Growth Watch By Teagasc’s Seán Cummins and James Fitzgerald

Lower than average grass growth rates from early April through to now, has put pressure on some of the programme farms to hold average farm cover and keep grass in front of stock.

Seven out of the 12 Teagasc Green Acres farms have taken corrective action in April/early May to maintain an average farm cover of over 600kgDM/ha.

The two main courses of action taken have been to reintroduce silage to the cattle’s diet in the field in order to slow down the rotation and hold it at 22-25 days or to graze silage ground in order to delay the start of the next rotation.

In other farm specific cases, finishing cattle are being supplemented with meal at grass to slow down their rotation and help to build fat score quickly and some cattle in the programme have been taken home from out-farms and rehoused for a short period.

Should milder weather conditions resume as expected, reacting fast and getting cattle back to a full grass diet in a 22-24 day rotation is the aim for any farmers currently buffer feeding.

The farms across the Teagasc Green Acres Programme who grazed their silage ground in the spring are reporting very low grass covers on ground closed in early April.

The temptation is already creeping in to delay the harvesting date of these crops until into June so that a better yield may be got. This however will impact on silage quality in the first cut, and either silage quality or bulk in the second cut.

Growth Watch – A lot can change in the next few weeks

A lot can change in the next 15-20 days in terms of the bulking up of first cut crops and so if you find yourself in this position, don’t go making plans for later cutting just yet.

Even if first cut yields don’t reach what was expected in later May, the better course of action is to cut harvest as bales and take up a second cut in good time.

Once the grass is wilted up to 30% dry matter, nitrates in the grass should not be an issue and the crop will preserve satisfactorily. Should wilting not be possible consider the use of an appropriate silage additive to help crop preservation.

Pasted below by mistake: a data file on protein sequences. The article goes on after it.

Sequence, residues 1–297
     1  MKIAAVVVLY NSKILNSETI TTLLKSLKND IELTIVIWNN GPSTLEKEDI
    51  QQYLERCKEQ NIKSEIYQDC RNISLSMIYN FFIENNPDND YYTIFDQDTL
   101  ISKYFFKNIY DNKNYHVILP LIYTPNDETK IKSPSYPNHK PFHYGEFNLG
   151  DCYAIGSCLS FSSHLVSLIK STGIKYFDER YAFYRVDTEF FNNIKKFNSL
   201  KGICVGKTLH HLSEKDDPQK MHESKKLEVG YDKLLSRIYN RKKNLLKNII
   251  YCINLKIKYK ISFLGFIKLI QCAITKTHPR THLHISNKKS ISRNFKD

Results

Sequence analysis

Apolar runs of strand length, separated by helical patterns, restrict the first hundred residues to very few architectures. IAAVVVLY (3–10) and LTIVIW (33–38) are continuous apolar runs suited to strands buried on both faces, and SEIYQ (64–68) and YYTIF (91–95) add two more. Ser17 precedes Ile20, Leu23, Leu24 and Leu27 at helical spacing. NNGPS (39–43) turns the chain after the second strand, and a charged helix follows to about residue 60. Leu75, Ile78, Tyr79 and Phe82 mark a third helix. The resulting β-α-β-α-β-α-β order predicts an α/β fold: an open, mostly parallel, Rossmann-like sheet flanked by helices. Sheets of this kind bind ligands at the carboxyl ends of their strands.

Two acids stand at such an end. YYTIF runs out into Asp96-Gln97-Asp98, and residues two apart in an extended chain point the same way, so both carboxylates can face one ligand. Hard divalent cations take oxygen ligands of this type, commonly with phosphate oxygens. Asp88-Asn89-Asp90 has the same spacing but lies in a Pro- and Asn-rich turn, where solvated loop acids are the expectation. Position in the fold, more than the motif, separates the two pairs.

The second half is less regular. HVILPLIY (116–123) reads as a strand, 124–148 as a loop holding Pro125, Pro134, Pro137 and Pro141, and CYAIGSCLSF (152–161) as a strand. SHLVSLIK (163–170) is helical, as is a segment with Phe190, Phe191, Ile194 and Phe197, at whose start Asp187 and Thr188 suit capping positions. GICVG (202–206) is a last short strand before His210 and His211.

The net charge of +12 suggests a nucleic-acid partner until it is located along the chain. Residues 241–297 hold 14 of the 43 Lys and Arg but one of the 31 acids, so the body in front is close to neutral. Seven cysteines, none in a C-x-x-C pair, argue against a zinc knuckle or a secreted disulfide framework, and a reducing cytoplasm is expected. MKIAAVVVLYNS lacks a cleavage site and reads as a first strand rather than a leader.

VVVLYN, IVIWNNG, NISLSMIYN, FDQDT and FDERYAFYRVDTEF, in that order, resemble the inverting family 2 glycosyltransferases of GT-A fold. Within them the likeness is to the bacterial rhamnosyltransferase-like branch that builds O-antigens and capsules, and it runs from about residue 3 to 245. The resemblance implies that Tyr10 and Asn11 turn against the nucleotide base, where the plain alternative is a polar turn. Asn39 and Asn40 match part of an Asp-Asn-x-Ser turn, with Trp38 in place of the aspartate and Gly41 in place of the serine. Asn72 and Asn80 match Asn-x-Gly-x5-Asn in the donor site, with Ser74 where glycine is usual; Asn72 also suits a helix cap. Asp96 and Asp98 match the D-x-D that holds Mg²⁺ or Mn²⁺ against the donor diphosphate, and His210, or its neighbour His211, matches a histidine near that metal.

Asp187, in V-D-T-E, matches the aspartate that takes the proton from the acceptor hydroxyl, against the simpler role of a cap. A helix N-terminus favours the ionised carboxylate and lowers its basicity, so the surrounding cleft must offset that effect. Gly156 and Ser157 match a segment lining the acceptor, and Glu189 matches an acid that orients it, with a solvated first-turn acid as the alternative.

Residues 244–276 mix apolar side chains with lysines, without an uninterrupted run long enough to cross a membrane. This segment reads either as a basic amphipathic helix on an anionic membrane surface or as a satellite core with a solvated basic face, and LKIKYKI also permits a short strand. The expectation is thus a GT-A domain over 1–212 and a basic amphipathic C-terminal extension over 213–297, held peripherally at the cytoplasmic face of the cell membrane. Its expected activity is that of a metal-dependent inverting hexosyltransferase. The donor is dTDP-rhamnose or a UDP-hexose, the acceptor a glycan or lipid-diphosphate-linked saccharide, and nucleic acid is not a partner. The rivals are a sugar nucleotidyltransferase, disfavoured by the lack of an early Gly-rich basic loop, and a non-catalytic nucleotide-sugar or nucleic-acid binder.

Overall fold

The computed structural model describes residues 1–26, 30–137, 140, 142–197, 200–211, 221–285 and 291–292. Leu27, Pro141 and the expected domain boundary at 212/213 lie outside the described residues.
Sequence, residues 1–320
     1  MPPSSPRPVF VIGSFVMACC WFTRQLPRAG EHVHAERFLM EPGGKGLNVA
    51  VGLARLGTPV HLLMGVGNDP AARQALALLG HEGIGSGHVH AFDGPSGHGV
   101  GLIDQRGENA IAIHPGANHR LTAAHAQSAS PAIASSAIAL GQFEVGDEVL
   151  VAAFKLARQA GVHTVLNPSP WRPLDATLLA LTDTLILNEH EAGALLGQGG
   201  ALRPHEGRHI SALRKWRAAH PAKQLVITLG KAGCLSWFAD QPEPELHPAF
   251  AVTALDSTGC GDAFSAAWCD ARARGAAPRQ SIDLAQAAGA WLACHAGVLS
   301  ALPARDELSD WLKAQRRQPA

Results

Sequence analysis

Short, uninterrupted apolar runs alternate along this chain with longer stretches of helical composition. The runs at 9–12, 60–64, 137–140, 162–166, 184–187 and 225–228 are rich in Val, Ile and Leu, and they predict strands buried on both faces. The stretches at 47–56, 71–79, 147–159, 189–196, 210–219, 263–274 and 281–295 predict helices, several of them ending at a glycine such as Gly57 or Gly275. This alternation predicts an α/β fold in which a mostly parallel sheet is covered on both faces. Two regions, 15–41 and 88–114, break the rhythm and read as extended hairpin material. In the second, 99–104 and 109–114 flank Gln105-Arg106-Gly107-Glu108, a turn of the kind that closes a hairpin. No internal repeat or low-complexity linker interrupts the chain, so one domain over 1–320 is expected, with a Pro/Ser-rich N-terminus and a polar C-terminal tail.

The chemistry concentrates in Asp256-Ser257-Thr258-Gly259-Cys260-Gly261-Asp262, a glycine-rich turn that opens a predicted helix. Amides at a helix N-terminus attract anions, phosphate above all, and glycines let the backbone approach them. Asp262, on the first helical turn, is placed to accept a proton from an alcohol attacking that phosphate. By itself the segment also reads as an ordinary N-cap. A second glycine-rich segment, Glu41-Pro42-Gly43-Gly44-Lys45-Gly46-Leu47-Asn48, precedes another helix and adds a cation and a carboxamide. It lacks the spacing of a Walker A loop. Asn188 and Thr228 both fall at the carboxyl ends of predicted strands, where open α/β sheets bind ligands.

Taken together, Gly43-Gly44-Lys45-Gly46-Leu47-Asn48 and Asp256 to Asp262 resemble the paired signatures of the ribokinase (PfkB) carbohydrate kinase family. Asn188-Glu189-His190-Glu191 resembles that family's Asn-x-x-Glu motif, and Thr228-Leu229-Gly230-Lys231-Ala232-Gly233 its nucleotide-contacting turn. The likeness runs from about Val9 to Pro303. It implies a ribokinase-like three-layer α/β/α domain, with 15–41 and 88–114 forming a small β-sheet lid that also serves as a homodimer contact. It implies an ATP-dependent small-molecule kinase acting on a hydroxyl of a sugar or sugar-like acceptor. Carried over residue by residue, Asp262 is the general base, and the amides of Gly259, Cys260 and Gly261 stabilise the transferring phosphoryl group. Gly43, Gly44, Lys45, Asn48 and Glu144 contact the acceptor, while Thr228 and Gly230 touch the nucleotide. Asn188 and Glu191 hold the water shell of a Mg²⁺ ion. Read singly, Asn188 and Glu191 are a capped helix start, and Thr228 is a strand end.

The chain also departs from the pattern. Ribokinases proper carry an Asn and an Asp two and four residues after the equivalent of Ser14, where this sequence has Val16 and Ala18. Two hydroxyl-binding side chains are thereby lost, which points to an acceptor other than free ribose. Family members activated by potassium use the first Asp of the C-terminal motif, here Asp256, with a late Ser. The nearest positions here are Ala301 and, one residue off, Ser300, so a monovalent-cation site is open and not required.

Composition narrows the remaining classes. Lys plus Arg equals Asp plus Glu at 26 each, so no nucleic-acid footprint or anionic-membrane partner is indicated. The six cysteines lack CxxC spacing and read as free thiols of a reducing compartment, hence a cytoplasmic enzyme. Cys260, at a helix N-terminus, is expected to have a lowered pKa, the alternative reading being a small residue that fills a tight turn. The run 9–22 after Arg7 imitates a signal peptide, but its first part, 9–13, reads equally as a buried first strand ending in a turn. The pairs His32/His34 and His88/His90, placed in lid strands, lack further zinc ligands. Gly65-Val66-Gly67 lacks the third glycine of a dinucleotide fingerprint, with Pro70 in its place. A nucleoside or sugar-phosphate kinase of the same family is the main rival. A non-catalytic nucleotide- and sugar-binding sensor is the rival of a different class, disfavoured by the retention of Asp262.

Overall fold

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JP Hammersley, Lattin, Tipperary

  • Growth: 38kg DM/ha/day;
  • Demand: 36kg DM/ha/day;
  • Farm cover: 513kg DM/ha/day;
  • Stocking rate: 3.72LU/ha.

Growth rates have been slower than desired over the last number of weeks, failing to rise above 40kg DM/ha/day since the last week in March, when our highest growth rate of the year of 43kg DM/ha/day was recorded.

Growth and demand are just about matching, but I’m keen to protect the average farm cover and the situation will be monitored very closely over the coming days.

If this cold spell continues, I will have to re-introduce silage to some of the stock to stretch the tight spell between the end of the second rotation and the beginning of the third rotation.

We have a buffer of excellent quality silage in the yard, so the impact of any supplementation on animal performance will be greatly reduced. Given the time of the year we are in, and with growth rates bound to come naturally, silage feeding will hopefully only be required for two or three days.

Silage ground is looking very variable currently. Any of the ground which was closed in early April is running behind, while ground which was grazed out last November has a good cover of grass.

In terms of fertiliser on the grazing ground, 70 units have been applied to date in the form of protected urea, while an additional 18 units will be applied to each paddock in the form of 18-6-12 after grazing.

Peter Byrne, Castledermot, Co. Kildare.

  • Growth: 95kg DM/ha/day;
  • Demand: 51kg DM/ha/day;
  • Farm cover: 981kg DM/ha/day;
  • Stocking rate: 5.17LU/ha.
Peter Byrne

The high grass growth rate recorded this week caught me a little by surprise.

After a few weeks of growth in the 40-60kgDM/ha/day range I was expecting more of the same. The higher grass growth is welcome as the demand for grass is ever increasing with more calves being weaned and turned out.

A major plan of mine for this year is to make as much silage as I can, both in the form of main cuts and surplus bales so that I can build up a reserve for when it’s needed. There is currently 16ha of grassland taken out of the grazing rotation for silage, the majority of it first cut. A couple of paddocks have also been earmarked for cutting for surplus bales in the shorter term. This gets them back in with the grazing ground ready for if grass growth should dry up in the weeks to come.

The covers the cattle are grazing are a touch strong at c.2000kgDM/ha. Covers of about 1500kgDM/ha would be easier graze and give better thrive, but the high stocking rate I am running currently due to the large area of silage ground closed has me letting covers up a small bit higher so that cattle don’t begin to race around the farm in a short rotation length.

I will be getting the covers the cattle are going into back to 1500kgDM/ha the first opportunity I get.